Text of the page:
This is a perfect example why understanding the bouncing ball exercise is crucial to the life of an animator. It’s mechanics can be found in everything. I use it to help maintain volume while also breaking down the timing, spacing and purpose of the action. Also, this is Verruca, an annoying little creature that has one attack while also being dangerous to touch.
This is what happens when Lulu gets electrocuted.
Justin and I had a meeting to discuss A Crooked Heart and how the animations are working in UE4. Justin Gallois brining A Crooked Heart to life on the Unreal Engine side. An issue came up where I planned for the player to interact with the environment in a way that wouldn’t have worked in the end. Mainly because the 2d game environment is essentially an image, cut up a little to give the illusion of depth. But technically the player is only traveling across one axis. We the situation I storyboarded would have made the player move in Y as well as X. That’s not what our game is doing when it comes to actual gameplay.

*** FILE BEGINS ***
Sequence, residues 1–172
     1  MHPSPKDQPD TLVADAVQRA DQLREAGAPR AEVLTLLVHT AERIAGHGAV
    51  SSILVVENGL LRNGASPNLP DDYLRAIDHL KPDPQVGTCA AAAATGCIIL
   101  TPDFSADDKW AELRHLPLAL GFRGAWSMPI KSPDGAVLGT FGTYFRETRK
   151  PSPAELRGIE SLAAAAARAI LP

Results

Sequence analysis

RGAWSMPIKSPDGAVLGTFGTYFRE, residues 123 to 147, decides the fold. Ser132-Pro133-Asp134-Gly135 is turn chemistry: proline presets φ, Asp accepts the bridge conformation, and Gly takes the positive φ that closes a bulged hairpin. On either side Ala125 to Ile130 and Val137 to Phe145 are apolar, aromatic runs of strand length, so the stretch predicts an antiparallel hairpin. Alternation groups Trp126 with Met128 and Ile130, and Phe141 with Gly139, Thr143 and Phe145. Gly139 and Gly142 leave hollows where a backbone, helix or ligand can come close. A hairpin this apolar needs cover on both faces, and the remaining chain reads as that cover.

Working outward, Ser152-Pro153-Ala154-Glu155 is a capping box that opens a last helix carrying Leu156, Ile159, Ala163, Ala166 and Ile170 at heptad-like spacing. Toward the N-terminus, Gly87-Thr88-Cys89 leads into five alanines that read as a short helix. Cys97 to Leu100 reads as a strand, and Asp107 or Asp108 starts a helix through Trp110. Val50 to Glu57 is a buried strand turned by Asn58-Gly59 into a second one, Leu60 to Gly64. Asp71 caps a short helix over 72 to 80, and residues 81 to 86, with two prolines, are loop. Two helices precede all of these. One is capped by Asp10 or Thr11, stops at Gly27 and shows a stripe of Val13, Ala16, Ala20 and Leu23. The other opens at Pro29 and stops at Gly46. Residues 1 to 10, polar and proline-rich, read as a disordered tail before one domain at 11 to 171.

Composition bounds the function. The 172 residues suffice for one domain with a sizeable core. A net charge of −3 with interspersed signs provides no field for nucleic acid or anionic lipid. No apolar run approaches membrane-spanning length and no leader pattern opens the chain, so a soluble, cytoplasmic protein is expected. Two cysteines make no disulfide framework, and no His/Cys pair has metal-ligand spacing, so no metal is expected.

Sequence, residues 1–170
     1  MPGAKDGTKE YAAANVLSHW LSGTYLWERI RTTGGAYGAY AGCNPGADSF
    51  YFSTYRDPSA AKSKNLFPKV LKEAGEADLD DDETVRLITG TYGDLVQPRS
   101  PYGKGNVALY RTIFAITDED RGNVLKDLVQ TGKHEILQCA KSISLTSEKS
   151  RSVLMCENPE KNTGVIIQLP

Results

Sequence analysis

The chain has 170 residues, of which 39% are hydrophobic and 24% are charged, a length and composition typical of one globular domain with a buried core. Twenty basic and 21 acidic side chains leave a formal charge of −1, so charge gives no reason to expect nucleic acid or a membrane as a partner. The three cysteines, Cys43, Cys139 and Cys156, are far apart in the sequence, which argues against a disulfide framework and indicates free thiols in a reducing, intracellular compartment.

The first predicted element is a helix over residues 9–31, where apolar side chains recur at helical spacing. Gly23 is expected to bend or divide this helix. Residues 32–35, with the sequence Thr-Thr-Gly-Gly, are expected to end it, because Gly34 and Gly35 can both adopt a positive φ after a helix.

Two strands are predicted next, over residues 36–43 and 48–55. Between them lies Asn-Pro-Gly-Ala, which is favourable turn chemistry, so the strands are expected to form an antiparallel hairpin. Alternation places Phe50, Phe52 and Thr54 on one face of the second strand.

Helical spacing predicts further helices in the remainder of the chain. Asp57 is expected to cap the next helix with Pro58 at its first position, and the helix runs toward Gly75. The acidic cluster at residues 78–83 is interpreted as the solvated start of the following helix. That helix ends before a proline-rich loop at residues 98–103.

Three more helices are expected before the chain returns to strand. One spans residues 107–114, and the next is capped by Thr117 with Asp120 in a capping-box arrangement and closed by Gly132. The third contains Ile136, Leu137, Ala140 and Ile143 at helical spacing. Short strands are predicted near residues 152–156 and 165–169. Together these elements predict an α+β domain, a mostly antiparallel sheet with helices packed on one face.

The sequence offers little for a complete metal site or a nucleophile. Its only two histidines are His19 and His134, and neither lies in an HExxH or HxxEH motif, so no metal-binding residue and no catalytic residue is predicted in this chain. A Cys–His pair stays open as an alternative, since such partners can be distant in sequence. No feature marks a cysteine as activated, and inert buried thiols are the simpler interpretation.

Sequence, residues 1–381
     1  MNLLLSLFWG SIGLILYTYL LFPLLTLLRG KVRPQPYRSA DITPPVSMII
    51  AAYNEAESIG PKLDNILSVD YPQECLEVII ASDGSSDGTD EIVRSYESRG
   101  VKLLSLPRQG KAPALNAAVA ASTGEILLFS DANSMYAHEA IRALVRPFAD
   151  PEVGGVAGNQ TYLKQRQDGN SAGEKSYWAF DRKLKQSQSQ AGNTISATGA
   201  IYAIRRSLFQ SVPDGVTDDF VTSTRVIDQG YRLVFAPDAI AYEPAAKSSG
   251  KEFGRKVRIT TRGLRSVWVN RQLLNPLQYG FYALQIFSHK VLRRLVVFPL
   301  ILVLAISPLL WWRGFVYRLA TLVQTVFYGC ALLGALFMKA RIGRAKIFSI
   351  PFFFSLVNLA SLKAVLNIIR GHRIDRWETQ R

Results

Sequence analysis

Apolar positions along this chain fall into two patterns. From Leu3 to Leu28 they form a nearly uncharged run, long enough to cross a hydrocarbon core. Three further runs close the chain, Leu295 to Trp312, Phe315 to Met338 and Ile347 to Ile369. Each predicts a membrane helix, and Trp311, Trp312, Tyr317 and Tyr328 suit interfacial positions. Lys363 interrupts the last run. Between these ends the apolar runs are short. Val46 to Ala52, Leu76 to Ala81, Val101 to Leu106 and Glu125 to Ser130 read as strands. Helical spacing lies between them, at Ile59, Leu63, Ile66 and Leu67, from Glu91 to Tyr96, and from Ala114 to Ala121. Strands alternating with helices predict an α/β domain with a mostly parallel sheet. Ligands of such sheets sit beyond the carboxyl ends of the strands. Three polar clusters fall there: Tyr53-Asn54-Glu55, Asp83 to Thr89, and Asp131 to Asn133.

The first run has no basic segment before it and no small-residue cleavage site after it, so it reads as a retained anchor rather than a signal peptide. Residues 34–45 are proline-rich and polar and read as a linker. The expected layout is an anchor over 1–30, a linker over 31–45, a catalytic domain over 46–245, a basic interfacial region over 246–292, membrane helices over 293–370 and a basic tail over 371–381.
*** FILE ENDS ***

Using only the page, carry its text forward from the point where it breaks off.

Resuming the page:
So we came up with a cool solution that lets me have the fun animation I’m going for and still meet the needs of the player.
During the course of the year, A Crooked Heart has gone through many changes.
It was created after our corgi Lulu had two ACL surgeries in a row. We joked about her being a cyborg and even created a little version of what that might look like.
This could turn into a fun little mobile game.
The main focus of A Crooked Heart is to show the relationship between lovers in a world that rejects them. They have a small village of kind and helpful creatures that have become their family.
The images below contain a mixture of old and new characters. Some of them are lying on the floor, writhing in pain having been cut from the story.